Multi-location brands

How Much Autonomy Should Multi-Location Brands Give Their Locations?

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A whopping 75 percent of new and innovative ideas don’t even come from within companies themselves. Although you have a multi-location brand and consistent customer experience to protect, giving your team members at field locations a certain level of control over their day-to-day operations can result in creative new ways of doing business.

Perhaps you’ve seen the reality TV version of this concept. For example, in “Undercover Boss,” CEOs and founders go to their stores or other locations to discover what’s happening in the field. Although grossly exaggerated, these secret shopper moments always seem to significantly improve some aspects of the business.

You don’t have to wait for a makeup artist and film crew to discover inefficiencies and terrific new ideas to increase sales and grow your business.

Here are five ways to involve your field team in decision-making and encourage creative thinking throughout your multi-location operation — whether you have 10 or 10,000 locations.

  1. Branding. That doesn’t mean you should allow employees to redesign your logo or store footprint; quite the opposite. The best way to ensure consistent customer experience across your locations is to educate your entire team on what the brand means, how it was created, and which elements must remain recognizable throughout customer touchpoints. Invest in fun and inclusive training to build pride in the brand and ensure every point of sale interaction reflects your brand personality and values. When you involve your team in new merchandising, make installation as simple as possible. You want to hear, “I love this new campaign and it was so easy to execute,” rather than, “Corporate is making me do this and it’s a huge pain.”
  2. Creating a culture of creativity. What does that mean? Psychological safety in the workplace means that if someone at any level has an idea, they should feel comfortable expressing it to their management and that they are listened to. Some ideas may be brilliant, but others may go in the parking lot or even the junk pile. But your location and regional managers must learn to listen and close the loop when they receive suggestions. If employees feel that no one cares about their opinions, they will simply become “order takers,” and their contributions to your business will be diminished. Psychological studies have proven that active listening can ultimately impact morale, productivity, job satisfaction (or insecurity), and turnover. Conversely, when an individual location gets a poor review, engage your location managers positively in solving the underlying issue. Knowing the significant impact of negative reviews on search and customer decision-making, you need to take all feedback seriously and ensure that local teams feel they are part of the solution rather than just the source of the problem. Look too at the language you use to talk about the people who work in your stores and restaurants. If they are made to feel as “cogs in a big bureaucratic wheel” they are less likely to play an active role in customer experience and business growth.
  3. Adoption of new technologies. Given the high level of anxiety around automation replacing humans at the retail level, having advocates of technology within your locations becomes even more critical. If you have store or regional managers grumbling about that “awful new POS system,” the people who work with them are less likely to learn how to use it properly. Turning your leaders into technology evangelists will become even more important in the future. When you roll out new systems, do a stellar job explaining to users how it can make their jobs easier. Even more important, train them for important new roles within your locations. When you hire new people, screen for those who have had to work with new systems at previous jobs and ask about how they’ve adapted to change.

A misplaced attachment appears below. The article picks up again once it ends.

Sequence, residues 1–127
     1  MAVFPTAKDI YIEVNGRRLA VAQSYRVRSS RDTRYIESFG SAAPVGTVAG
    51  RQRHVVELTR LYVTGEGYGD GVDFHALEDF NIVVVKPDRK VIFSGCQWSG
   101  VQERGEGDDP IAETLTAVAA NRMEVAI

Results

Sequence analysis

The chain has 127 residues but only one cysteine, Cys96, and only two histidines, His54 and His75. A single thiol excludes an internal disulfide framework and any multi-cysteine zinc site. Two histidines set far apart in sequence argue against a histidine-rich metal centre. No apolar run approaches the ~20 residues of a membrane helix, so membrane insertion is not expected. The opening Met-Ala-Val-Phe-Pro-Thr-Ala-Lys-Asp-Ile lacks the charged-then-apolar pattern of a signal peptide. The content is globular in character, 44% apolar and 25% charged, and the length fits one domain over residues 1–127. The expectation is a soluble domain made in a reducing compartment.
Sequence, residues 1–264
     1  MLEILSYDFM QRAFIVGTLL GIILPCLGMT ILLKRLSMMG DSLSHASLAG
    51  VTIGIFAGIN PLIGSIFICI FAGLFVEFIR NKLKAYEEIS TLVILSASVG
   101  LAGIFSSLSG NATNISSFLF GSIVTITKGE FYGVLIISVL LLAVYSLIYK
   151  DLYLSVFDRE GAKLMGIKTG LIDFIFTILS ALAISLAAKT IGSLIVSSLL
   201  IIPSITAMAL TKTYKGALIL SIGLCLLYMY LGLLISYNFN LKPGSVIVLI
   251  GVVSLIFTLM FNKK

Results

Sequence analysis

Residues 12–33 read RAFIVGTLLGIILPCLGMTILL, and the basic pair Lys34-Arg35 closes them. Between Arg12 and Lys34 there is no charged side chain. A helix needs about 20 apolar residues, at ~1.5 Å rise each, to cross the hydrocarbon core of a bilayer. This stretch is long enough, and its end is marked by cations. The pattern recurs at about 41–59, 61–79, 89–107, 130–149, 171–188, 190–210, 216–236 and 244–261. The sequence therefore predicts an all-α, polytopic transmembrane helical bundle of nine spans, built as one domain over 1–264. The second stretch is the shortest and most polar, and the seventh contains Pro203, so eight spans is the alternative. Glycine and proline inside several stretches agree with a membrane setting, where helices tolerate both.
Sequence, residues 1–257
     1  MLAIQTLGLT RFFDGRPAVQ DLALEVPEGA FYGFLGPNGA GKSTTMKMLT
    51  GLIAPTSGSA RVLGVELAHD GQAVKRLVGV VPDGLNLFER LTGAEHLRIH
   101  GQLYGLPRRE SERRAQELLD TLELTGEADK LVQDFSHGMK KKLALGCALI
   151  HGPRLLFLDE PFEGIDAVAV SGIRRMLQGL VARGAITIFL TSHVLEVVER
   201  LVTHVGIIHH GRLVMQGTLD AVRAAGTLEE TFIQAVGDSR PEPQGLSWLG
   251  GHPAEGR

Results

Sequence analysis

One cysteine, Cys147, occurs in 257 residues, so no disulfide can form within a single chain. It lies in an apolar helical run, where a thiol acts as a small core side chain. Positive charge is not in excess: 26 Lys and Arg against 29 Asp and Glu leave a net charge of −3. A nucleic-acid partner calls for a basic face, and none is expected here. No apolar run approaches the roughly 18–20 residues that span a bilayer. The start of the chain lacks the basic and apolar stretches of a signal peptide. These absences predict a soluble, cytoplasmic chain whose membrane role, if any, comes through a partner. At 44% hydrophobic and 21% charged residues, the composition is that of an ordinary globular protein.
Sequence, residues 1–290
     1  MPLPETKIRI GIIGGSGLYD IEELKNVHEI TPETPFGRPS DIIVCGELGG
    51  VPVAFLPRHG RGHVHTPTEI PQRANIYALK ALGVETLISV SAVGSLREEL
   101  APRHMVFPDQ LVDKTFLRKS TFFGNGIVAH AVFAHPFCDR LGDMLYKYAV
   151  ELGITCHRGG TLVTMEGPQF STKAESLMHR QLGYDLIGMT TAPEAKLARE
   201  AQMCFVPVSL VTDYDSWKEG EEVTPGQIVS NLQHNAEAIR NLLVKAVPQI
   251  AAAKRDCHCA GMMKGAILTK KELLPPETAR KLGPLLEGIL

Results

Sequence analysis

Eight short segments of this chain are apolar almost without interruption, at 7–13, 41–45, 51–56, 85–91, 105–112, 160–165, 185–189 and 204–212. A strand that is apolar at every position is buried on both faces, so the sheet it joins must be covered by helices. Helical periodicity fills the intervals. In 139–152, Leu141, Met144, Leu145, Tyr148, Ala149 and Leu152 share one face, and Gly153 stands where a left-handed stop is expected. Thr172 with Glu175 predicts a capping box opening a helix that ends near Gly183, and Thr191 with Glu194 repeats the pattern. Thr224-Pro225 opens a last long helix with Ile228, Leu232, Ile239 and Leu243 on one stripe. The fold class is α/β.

4. Hiring. As the number of people working at the location level declines, the quality of those people becomes even more important. If you’ve built a strong sense of pride and a positive work culture, employees are more likely to recommend other employees. That can cut down dramatically on recruiting expenses and interviewing time.
  5. Local marketing and community engagement. Mom-and-pops may have an advantage over larger brands because they can make speedy decisions about sponsoring neighborhood events, hosting activities, and lending logos to kids’ sports teams. Create a simple and speedy process for locations to run these ideas “up the corporate ladder” and give them discretionary budgets for community involvement. That will not only lead to a sense of ownership but will also build local loyalty and sales. A 600-unit bank launched a “branch big idea” program and awarded $5K to each location that came up with a creative revenue-generating idea that worked in their neighborhood. The judging committee comprised a corporate representative (to ensure the idea was on-brand) and people who had worked in the field.

Why spend millions of dollars on search marketing and mass advertising campaigns if they will only unravel at the local level?

Your locations are where the rubber meets the road, and even if you aren’t going to put on a wig and fake nose and mystery shop, you need to look at every location’s people as ambassadors for your brand. Spending a day every quarter working in a location is probably a great idea — no matter your role in the organization.

You’ll gain respect for your field teams, see corporate decisions and infrastructure through a new lens, and maybe even learn something!

Nancy A Shenker, senior editor with Street Fight, is a former big brand (Citibank, Mastercard, Reed Exhibitions) marketing strategist and leader. She has been featured in, the New York Times and Forbes.